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Not Dead Yet
Michael Nichols/National Geographic Stock (captive)
If you're in Southern California, you might stop by to see the two elderly northern white rhinoceroses at the San Diego Zoo Safari Park, because the species is not long for this earth. Once, they were distributed throughout Chad, Sudan, the Central African Republic, the Democratic Republic of Congo, and Uganda; now only seven of the creatures remain.
One is in a zoo in the Czech Republic, and four—prophylactically shorn of the horns that are worth more than gold to poachers, and which have brought about their near extinction—are in a closely observed breeding facility in Kenya. "Fatu and Suni have been successfully mating every cycling period," says an update on the Ol Pejeta Conservancy Web site. "Click here to watch the mating. (Viewer discretion is advised!)"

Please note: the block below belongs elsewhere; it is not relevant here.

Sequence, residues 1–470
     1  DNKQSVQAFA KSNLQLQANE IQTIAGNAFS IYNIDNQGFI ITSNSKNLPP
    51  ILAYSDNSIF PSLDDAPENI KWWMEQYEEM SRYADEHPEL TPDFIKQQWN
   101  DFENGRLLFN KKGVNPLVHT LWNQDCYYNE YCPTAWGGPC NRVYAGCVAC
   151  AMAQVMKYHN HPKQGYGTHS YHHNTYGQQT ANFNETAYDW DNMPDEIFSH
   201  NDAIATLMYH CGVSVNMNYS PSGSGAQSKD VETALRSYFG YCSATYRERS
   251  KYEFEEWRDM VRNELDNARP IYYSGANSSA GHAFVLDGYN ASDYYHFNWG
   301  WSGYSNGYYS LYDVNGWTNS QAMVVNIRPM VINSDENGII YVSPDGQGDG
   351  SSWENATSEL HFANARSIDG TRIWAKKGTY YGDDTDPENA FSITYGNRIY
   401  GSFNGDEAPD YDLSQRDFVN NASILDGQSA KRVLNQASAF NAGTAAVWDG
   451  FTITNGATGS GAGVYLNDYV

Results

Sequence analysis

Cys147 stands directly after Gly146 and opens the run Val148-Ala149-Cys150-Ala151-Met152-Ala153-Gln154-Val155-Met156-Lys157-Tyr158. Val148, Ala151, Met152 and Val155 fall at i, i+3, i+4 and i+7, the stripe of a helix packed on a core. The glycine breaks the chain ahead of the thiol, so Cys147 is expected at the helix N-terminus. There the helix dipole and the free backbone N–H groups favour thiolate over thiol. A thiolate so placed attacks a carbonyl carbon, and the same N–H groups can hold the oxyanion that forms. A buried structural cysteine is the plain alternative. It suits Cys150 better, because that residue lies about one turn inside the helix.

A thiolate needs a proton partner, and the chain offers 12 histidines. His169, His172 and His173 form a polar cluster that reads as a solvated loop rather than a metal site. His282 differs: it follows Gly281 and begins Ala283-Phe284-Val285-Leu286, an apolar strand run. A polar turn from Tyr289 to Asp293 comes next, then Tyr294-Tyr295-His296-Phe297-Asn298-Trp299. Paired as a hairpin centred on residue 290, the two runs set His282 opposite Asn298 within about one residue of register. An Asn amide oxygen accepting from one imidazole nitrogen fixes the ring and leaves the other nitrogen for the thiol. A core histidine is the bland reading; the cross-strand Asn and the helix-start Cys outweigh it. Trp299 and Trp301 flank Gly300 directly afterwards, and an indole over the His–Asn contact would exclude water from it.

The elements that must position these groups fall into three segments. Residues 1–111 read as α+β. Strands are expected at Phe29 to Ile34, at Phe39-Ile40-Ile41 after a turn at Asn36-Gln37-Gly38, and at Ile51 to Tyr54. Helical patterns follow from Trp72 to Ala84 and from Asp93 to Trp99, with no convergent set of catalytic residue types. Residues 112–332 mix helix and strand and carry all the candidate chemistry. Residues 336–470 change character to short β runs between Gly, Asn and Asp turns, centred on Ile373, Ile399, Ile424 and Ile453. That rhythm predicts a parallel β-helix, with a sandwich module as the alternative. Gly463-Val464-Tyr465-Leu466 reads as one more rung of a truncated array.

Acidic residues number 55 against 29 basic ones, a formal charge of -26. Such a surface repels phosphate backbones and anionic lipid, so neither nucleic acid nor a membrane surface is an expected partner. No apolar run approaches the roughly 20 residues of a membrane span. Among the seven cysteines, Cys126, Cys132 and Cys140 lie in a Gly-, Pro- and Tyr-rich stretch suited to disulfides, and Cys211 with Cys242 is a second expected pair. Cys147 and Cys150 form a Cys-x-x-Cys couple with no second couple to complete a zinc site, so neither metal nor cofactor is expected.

The last northern white, however, was born in 2000, and hope is fading. "It's a hard pill to swallow, to see them go extinct in my lifetime," says Randy Rieches, curator of mammals at the San Diego facility. In the absence of traditional reproduction, zoologists are trying to preserve the northern whites' gene pool by breeding them with the far more numerous southern white rhinos, by freezing semen, and even by harvesting stem cells.
"When technology catches up," Rieches says, "there is still a possibility that in 10 or 20 years we can bring the species back. But not today." —Paul Rauber
The Next Big Thing